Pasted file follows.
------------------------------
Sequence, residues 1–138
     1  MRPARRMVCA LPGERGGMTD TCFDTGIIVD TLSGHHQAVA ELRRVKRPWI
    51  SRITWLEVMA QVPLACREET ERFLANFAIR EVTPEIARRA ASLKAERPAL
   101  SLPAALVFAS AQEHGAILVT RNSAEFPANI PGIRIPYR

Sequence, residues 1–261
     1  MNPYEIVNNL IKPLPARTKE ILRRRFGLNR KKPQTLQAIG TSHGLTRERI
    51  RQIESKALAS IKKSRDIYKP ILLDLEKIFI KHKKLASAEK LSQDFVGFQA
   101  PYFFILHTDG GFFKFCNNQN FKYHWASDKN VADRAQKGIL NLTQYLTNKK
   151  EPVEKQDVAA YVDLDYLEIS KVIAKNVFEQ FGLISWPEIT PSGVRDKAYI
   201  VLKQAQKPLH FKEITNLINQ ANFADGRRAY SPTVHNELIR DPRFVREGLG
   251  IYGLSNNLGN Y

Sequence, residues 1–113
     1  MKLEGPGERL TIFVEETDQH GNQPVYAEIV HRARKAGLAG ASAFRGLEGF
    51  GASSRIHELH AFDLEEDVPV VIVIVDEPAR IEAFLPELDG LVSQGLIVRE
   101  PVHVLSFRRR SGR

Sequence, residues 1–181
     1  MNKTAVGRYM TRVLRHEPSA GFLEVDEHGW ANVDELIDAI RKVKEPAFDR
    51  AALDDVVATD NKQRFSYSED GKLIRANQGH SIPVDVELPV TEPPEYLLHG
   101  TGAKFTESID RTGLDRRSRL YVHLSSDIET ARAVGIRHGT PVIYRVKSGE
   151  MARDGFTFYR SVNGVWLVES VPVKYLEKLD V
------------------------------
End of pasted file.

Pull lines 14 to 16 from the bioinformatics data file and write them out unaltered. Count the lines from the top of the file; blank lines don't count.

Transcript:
    51  GASSRIHELH AFDLEEDVPV VIVIVDEPAR IEAFLPELDG LVSQGLIVRE
   101  PVHVLSFRRR SGR

Sequence, residues 1–181